Clayton voters to decide fate of school expansion project

Tuesday, September 15, 2009
By Jessica Driscoll

CLAYTON Residents will have the opportunity on September 29 to vote on a proposed bond referendum for district-wide renovation and expansion of the borough's schools, and on Monday the superintendent and project architect explained the necessity and timeliness of its passage.

"We've had the opportunity to work with both the board of education and the community group to evaluate both schools and determine their most important needs," said Bob Garrison Sr. of Garrison Architects. "The school district needs voter approval to borrow the money needed for a project of this scale. The district has been awarded a grant that will cover nearly half of the project's cost if the community acts favorably on the referendum, but if not the district will lose that opportunity."

The total cost of the district's project is $20,007,138. Of that amount, $9,989,585 has been promised to Clayton schools by the state if the borough approves the remaining $10,017,553 for the project. If approved, the referendum will mean an estimated tax impact of $216.44 per year for residents with a home assessed at $100,000.

The projects included in the referendum for Herma S. Simmons Elementary School are the conversion of the board of education office into three classrooms; replacement of the roof, chiller, electrical service, emergency generator and HVAC rooftop units; and masonry repairs and parking lot and playground reconstruction.

For the middle school and high school, the projects include board of education office relocation; IMC conversion to entrance and middle school offices; renovations to classrooms and the computer lab; an upgrade of the security system; replacement of the emergency generator, interior doors and hardware, HVAC systems in the gym and auxiliary gym; construction of a library/IMC to department of education standards; expansion and renovation of the cafeteria and kitchen; construction of a high school entrance and office; the addition of two science labs with prep rooms, 16 Smart Classrooms, five small group/special education classrooms and an art studio; renovation of the TV studio; reconstruction of the baseball field; a new middle school/high school plaza on Pop Kramer Blvd. and the addition of a connector drive between the parking lot and plaza.

These changes are meant to satisfy Clayton's unhoused student population, address increased enrollment, provide a separate entrance and identity for the high school and middle school, create additional specialized spaces to meet minimum NJ DOE Core Curriculum Standards, improve safety and security of students and to replace outdated systems and update district technology.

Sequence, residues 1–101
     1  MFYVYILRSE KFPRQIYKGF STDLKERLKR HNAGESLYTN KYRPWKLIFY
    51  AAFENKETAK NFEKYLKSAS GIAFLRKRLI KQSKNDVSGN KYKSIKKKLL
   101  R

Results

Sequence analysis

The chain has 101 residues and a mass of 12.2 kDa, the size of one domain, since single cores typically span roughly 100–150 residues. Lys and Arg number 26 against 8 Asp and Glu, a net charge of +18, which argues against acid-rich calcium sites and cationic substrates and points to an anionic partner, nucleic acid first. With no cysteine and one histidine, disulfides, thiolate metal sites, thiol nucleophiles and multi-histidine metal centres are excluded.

"If we pass the referendum, we will be out for bids in the spring and ahead of the curve for construction," said Garrison.

"We've received the highest monetary award from the state in Gloucester County, but now it's a matter of people coming out and expressing themselves with a vote," said Superintendent Cleve Bryan. "We've done a feasibility study and this project would allow for the significant growth we project in the next five years."

Simmons principal Patrice Taylor echoed the importance of accommodating that growth.

"As of July first, we had 154 new students enrolled at Simmons and we will continue to see new enrollments throughout the year," said Taylor. "We have 804 students in our school and not one free classroom. That growth will soon hit the middle school and high school."

After the meeting, most of the residents in attendance seemed to support the referendum.

"I actually think it's a good idea because if we lose out now, we're out of the loop for this state funding," said Michelle Pilitowski. "These buildings are 20 years old and they need upgrading. We need to do what will benefit our children. That's why we pay taxes, to give them the best education possible."

"Our schools need to be brought up to date with technology, into the 21st century," added Debbie Koenig. "We want Clayton to provide the best educational opportunities."

John Kinsley put it bluntly.

"Anything you can get for half-price, you take it," said Kinsley. "It's a no-brainer. We cannot pass this up because we won't see another opportunity like it."

Voting for the bond referendum will take place September 29 between 7 a.m. and 9 p.m. in the Simmons Elementary School Auditorium. Additional information about the proposed plan can be found on the district's Web site at, in the district newsletter or by calling the district offices at (856) 881-8868 extension 3050.

A property tax reimbursement program is available for seniors and disabled residents to offset the tax increases of the proposed referendum. More information about this program is available at the municipal building.


Back to NEWS